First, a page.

We meet several candidates who’ve yet to work with a recruiter until the day they send us the initial contact email, or dial our number for the very first time. Maybe they’ve heard about the helpfulness of recruiters from friends and family, or they saw an enticing ad for an open position and wanted to know more – however they’ve found themselves in contact with a recruiter, questions almost always abound.
Many candidates are straight forward and ask questions about the recruiting process before building a relationship. Some are unsure of the way recruiting works and can become a little confused if the process is too fast or too slow for their liking. For those who are considering the help of a recruiter, below are some pointers (and perhaps some things to look for or ask questions about) when preparing to contact a recruiter:
Research before choosing an agency. Agencies differ, as do individual recruiters. By conducting some basic research online, you will be able to determine what industries recruiters focus on. If you’re looking for an entry level position, a recruiter who focuses only on executive level searches may not be able to help you as quickly as an agency who lists many entry-level job openings would. Fields are even more important; some agencies and recruiters focus on one or two related industries/fields, while others provide effective services in many areas.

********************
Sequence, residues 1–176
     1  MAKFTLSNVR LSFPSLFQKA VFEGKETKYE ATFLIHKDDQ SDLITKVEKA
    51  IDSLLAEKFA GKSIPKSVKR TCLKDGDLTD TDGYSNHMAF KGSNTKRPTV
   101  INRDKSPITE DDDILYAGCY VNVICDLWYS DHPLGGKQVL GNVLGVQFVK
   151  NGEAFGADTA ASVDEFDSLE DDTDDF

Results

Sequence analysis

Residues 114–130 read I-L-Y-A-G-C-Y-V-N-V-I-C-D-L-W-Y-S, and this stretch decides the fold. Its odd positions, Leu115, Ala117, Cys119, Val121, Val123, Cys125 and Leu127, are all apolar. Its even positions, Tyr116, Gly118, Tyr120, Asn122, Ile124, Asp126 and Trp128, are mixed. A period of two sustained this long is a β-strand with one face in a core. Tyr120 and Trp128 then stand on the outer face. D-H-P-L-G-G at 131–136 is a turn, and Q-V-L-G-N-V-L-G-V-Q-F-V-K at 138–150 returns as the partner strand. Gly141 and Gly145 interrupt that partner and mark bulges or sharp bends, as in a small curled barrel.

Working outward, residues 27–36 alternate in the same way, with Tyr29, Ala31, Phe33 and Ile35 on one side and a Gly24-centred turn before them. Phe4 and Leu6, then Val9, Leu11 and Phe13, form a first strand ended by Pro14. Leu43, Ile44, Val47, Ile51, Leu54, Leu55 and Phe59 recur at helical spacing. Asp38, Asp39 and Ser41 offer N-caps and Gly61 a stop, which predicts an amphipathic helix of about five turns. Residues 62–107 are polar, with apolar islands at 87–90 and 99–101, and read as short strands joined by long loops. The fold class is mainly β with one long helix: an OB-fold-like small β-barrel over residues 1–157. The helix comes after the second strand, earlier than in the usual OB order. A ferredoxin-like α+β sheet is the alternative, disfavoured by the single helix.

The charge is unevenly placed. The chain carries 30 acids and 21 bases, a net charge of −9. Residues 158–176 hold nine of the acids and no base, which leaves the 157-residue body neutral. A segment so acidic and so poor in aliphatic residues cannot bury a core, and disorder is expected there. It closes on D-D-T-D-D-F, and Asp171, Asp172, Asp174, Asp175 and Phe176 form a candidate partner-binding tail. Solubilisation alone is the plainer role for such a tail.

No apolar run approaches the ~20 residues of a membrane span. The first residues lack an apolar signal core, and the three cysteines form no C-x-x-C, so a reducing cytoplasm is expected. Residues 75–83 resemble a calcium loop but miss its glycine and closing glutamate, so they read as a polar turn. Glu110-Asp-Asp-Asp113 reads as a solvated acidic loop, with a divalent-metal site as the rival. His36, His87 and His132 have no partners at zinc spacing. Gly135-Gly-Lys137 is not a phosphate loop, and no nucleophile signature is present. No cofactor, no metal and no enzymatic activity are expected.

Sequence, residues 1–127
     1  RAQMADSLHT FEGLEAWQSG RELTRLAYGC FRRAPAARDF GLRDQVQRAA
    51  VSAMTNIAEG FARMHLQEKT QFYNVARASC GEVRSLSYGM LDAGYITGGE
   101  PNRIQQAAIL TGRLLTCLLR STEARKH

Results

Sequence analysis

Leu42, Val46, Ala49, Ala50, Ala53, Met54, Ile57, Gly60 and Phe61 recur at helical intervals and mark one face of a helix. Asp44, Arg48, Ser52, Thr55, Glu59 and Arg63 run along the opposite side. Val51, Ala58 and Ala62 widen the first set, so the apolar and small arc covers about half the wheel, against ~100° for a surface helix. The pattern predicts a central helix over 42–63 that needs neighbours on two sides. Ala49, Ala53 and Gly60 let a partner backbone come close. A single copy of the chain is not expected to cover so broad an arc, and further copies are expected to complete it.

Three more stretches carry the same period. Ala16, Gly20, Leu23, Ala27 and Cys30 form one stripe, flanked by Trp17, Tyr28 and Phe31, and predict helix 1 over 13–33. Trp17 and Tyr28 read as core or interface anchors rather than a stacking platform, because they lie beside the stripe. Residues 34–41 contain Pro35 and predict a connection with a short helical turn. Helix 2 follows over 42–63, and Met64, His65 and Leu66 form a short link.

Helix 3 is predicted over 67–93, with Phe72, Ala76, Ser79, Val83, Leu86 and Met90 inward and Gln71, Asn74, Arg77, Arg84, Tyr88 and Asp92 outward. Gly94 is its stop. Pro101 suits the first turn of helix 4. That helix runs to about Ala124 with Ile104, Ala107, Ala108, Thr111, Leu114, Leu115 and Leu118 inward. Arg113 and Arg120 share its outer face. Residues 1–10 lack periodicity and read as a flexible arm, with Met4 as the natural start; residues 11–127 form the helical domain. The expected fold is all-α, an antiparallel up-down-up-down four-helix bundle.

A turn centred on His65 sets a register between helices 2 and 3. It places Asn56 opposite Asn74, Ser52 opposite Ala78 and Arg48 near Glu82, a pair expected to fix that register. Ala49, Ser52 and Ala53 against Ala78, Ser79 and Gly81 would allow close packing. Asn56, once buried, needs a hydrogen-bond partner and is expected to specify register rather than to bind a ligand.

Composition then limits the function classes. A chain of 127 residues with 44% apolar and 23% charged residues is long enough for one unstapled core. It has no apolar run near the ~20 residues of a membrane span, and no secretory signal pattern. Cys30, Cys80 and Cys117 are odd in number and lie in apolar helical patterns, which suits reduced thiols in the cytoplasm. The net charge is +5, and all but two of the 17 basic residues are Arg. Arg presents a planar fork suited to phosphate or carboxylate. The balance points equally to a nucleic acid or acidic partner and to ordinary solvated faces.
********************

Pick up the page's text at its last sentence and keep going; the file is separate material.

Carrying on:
Prepare your resume. Recruiters need a polished document to use when marketing you to clients. You may be contacted to answer specific questions about your experience before or after a face to face interview with the recruiter – this is just so recruiters have a strong grasp on your background.
Paperwork is involved when utilizing recruiter services. Sometimes candidates seem a bit apprehensive about providing personal or professional references, general background information, etc. This is routine, yet extremely necessary in speeding up the employment process. By providing requested information, you enable recruiters to market you to several positions sooner rather than later. Of course, if you have questions about the documentation, agencies would prefer you ask and feel reassured as opposed to feeling uneasy during the process (so ask away!)
Be patient during the waiting period. Recruiters are paid to find the right candidate for the right company and position. A successful placement may occur quicker for some than others. It’s also important to maintain a good relationship with your recruiter, who will help you with resume revisions and other components of a quicker, more efficient job search.
What’s next? You shouldn’t worry; your recruiter will guide you through steps of employment, from the time an offer has been made that you accept and the first few months into your new position. You’re never left in the dark; your recruiter should hold your hand through the entire process.
Note: not all recruiters operate by the same policies and procedures. It’s always important to research for additional information prior to contacting an agency.